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Pavement Utility Cuts
2. Discussion of the Problem
This chapter of the manual describes the effects of excessive pavement utility cuts in the Nation's infrastructure. This discussion focuses on the degradation of the pavement and other public ROW infrastructure. In addition, this chapter considers the impacts on the public through user costs, traffic delay and business access, and the differences between state and local agencies in the methods of dealing with these impacts.
2.1 Degradation of National and Local Infrastructure
When utility companies, and others, make cuts into the pavement for utility installation or maintenance, not only does it affect the pavement structure itself, but also the other utilities which, with the pavement, are part of the national and local transportation infrastructure. This section includes a discussion on how utility cuts cause street pavements to deteriorate more quickly, and their potential effect on other utilities present in the highway and street system.
2.1.1 Untimely Pavement Deterioration
Utility cuts into the pavement of the Nation's highways and streets almost always increase the roughness of a pavement structure in both the immediate and surrounding areas of a cut. Not only do cuts increase pavement roughness, but they also introduce discontinuities in the pavement structure. Both of these can cause the pavement's expected life span to decrease. There are two types of degradation that can occur - structural and functional - both of which can cause early failure of the pavement, depending on the user's definition of pavement failure.
Structural Structural failure occurs when the pavement can no longer carry the loads for which it was designed without large deflections or deformations.(7)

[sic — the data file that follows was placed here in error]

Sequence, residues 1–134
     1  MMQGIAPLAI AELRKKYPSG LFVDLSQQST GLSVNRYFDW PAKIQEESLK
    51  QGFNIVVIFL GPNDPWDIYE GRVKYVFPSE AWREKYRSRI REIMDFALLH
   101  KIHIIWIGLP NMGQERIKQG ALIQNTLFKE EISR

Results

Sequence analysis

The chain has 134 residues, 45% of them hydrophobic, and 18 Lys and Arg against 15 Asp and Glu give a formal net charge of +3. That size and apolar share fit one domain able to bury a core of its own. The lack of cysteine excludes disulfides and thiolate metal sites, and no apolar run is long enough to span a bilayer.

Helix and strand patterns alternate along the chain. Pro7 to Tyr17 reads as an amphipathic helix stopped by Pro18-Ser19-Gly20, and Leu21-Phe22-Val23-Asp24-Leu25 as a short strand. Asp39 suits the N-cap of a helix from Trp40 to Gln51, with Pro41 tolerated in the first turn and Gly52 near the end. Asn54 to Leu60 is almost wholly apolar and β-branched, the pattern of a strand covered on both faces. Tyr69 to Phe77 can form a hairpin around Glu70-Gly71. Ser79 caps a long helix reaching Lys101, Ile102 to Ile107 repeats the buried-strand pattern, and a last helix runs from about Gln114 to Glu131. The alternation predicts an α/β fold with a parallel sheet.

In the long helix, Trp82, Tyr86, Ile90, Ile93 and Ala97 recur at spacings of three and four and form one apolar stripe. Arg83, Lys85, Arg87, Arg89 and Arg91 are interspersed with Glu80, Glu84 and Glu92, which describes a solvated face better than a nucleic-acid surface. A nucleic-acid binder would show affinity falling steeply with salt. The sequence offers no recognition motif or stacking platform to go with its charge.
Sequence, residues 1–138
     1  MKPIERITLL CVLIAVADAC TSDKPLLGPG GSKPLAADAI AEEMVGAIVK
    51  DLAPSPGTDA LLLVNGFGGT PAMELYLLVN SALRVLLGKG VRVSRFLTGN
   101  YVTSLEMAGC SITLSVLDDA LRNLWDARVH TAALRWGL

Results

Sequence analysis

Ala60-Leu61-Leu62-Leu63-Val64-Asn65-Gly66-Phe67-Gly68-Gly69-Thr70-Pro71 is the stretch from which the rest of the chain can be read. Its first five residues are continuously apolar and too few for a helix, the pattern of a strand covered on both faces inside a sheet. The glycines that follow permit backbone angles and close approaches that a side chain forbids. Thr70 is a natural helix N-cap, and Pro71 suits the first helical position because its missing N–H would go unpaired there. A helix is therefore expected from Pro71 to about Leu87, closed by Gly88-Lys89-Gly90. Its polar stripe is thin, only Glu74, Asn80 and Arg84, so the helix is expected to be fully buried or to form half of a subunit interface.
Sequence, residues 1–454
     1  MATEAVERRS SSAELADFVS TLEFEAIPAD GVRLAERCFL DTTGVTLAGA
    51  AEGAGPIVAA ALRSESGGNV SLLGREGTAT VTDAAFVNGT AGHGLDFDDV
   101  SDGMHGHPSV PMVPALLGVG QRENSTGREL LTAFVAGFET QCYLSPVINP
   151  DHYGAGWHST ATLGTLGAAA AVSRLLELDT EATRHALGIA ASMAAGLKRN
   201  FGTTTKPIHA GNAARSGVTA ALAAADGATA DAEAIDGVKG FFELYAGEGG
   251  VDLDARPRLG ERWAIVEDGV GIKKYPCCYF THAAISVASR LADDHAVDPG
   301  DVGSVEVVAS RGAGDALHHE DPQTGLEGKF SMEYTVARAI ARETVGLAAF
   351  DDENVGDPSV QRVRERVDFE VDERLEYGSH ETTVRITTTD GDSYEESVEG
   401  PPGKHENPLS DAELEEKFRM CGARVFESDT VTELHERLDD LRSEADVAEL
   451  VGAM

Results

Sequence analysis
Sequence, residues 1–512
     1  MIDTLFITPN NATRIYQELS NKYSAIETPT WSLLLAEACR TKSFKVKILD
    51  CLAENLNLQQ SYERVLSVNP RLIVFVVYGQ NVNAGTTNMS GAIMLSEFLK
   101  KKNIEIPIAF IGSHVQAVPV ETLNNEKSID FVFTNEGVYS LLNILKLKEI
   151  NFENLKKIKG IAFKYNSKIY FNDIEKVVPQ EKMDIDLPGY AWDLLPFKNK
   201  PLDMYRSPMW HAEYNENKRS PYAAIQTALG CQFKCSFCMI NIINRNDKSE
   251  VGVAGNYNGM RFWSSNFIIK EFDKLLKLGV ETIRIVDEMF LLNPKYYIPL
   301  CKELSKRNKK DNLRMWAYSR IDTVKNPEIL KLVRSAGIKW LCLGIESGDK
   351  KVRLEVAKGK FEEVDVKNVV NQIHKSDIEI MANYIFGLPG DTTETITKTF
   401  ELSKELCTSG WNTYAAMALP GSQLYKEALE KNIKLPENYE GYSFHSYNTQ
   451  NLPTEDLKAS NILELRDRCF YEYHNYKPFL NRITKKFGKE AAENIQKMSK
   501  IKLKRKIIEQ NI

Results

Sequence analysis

Functional Functional failure occurs when the pavement no longer provides a smooth and safe riding surface for vehicles and passengers. A pavement can sometimes experience functional failure while remaining structurally sound. However, it is even less likely that a pavement that has experienced structural failure will remain functionally adequate.
Another aspect of pavement degradation is that a rough pavement can quickly lead to structural failure, through a synergistic effect. Rough pavements can cause vehicles to bounce, thus creating greater loads on the pavement, which can lead to more rapid advancement of structural failure, and by consequence, further functional failure, or roughness.
2.1.2 Congestion of Utilities
The chances of accidental rupture of existing underground utilities increase with increased congestion, or the density of utilities underground. This is not a problem solely associated with trenchless technology. Open trenching also poses a risk of disturbing existing utilities. In rural applications, the probability of encountering densely situated existing utilities is much lower. However, care should be taken to ensure any existing utilities are identified and located.